Bacik To The Dark Ages?

6 October, 2009

CrossSenator Ivana Bacik claims in Trinity News that “the Minister for Justice has brought us back to the Dark Ages” with the revision of Ireland’s law on blasphemy. Unfortunately, censorship may be reappearing in response to a newer and far more malevolent force than catholic conservatism.

This week, it will have been 4 years since a terrifying manifestation of this – the controversy and violence resultant from the publication of cartoons depicting the prophet Mohammed in the Danish newspaper, Jyllands-Posten.

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The Lies Obama Tells Himself

30 August, 2009

Afghanistan FlagThe Economist takes stock of the current situation in Afghanistan. President Hamid Karzai continues to disgrace himself and damage his country, with widespread accusations of foul play in the recent presidential elections. It remains to be seen whether he is successfully re-elected.

In another article, President Barack Obama continues to claim that victory in this conflict (a concept devoid of meaning) is critical to keep America safe. This has been and always will be a lie.

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Towards a Nuclear Middle East

2 June, 2009

Within a matter of months, Iran could be in possession of nuclear weapons. The evidence for this was considered last week here. This is a state perfectly content to finance, train and arm with conventional weapons terrorist groups in Afghanistan, Pakistan, Iraq, Lebanon and Palestine. This is a state with political discourse dominated by nationalism.

These are the two major impacts from Iran’s decision: nuclear proliferation, and the possibility of terrorist organisations obtaining weapons of mass destruction. It is often easy to forget these consequences and simply focus on the prospect of the Ayatollah with his finger on the button, hoping that mutually assured destruction will save us.

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Afghanistan’s New Hope

20 May, 2009

Afghanistan FlagThe Economist reports on the introduction of the Afghan Public Protection Program (AP3). The US is hoping that what worked in Iraq can be applied to the very different problems in Afghanistan. They will be disappointed.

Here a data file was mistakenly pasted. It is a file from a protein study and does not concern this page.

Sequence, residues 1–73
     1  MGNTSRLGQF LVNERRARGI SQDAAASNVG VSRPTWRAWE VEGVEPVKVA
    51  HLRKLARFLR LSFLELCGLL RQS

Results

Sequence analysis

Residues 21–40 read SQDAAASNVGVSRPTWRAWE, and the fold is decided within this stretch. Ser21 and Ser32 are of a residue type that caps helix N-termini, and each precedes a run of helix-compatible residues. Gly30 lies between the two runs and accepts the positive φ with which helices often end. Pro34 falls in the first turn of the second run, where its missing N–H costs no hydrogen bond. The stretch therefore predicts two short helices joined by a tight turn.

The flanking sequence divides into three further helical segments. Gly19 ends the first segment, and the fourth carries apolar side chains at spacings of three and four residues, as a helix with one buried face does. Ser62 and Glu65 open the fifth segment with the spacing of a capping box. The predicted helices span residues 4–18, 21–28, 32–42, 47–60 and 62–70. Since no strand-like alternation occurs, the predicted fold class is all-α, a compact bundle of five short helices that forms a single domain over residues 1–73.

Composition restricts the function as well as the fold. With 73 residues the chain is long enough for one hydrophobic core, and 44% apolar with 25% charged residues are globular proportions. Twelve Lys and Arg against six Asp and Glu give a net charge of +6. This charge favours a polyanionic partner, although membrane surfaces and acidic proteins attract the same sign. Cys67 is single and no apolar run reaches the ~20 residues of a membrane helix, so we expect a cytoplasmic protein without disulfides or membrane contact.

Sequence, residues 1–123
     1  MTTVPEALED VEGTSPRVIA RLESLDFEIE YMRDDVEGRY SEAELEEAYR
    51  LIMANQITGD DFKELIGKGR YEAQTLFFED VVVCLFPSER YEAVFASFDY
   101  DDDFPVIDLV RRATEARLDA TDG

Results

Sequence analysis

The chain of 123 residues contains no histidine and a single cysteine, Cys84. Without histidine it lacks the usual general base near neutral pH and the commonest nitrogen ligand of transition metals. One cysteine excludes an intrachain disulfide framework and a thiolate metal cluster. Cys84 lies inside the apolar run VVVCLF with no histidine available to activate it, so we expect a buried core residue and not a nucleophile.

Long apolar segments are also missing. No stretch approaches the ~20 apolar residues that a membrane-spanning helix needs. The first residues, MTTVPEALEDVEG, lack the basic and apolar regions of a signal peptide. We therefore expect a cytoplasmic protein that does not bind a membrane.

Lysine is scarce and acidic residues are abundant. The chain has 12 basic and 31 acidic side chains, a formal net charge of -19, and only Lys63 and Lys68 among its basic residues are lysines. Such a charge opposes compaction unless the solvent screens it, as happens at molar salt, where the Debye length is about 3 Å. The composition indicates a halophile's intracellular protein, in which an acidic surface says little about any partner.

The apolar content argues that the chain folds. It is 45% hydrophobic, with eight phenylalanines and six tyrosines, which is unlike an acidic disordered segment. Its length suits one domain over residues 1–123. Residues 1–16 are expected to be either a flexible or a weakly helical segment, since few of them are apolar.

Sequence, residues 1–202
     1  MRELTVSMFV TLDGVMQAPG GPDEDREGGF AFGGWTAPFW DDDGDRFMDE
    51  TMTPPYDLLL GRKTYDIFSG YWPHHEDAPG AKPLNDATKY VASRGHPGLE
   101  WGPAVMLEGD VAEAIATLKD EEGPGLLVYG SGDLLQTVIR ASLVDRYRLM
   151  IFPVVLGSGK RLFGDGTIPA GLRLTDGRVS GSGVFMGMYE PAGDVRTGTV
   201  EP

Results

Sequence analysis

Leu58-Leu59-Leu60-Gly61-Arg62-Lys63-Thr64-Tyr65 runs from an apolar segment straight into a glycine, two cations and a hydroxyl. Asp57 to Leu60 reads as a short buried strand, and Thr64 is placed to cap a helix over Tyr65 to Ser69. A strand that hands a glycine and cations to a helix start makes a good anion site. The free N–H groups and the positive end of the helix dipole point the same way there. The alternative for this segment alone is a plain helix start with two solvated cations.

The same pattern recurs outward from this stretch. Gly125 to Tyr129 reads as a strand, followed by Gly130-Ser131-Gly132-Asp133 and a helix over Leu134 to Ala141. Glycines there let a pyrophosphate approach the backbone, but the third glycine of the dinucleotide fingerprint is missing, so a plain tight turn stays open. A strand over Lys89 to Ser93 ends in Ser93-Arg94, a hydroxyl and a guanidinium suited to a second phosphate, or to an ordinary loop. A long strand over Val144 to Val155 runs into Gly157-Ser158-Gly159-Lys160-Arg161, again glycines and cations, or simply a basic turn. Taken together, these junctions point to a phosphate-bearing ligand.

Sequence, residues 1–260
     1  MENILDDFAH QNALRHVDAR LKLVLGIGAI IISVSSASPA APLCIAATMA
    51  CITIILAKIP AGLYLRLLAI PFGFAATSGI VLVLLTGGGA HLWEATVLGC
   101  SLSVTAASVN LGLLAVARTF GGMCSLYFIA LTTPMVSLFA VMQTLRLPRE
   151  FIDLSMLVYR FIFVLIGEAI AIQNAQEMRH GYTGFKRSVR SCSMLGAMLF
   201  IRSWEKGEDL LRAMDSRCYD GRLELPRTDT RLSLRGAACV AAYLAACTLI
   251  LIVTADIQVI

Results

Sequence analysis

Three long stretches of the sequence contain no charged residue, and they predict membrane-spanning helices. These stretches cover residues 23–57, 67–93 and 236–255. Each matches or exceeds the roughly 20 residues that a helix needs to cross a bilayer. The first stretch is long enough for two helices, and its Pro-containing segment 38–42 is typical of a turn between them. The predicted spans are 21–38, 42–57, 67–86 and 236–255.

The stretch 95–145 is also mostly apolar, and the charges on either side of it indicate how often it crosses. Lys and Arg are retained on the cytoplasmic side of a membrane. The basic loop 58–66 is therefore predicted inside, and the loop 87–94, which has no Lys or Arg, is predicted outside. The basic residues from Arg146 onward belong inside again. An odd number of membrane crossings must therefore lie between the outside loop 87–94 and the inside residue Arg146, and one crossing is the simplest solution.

The problems in Afghanistan are rooted in a very different enemy, and the motivations of subscribing tribes to this new militia are decidedly different too. In addition, the support for these forces (although increasing in practical terms) is insufficient when compared to Iraq. The Taliban will not be defeated by passing the buck onto local militias.

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Profits, Pirates and Externalities

18 May, 2009

The government in Somalia blames payment of ransom for the explosion in piracy there, according to the BBC. Although this is obviously ignoring the root of the problem, it raises the interesting question of whether outlawing payment could eliminate the threat in the future.

Clearly, if it was in the interests of shipping firms to do so, they would already have agreed to it privately. That’s all that matters, if they’re the only victims. Recent developments have shifted the balance in this debate, as there is a question over whether these pirates are financing Al-Shabaab, the Islamic group that opposes the Somalian government. The importance of this question has intensified as more lives are lost.

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Back in Iraq

14 May, 2009

The Washington Post reports militants have renewed their entry into Iraq through Syria. The developments come as diplomacy between the US and Syria are promising, suggesting the real motivation behind these movements. Meanwhile, violence in Iraq is lower than it has been since the summer of 2003. President Obama’s decision to renew economic and political sanctions against Damascus will threaten the progress made on both fronts.

The ability of Syria to make life difficult for America, was demonstrated by their removal of support for border control operations with Iraq last year after incursions into their territory. This should not be forgotten. Antagonism also tends to drive Syria towards its neighbour Iran. Even though this is clearly only a marriage of convenience, it should be avoided.

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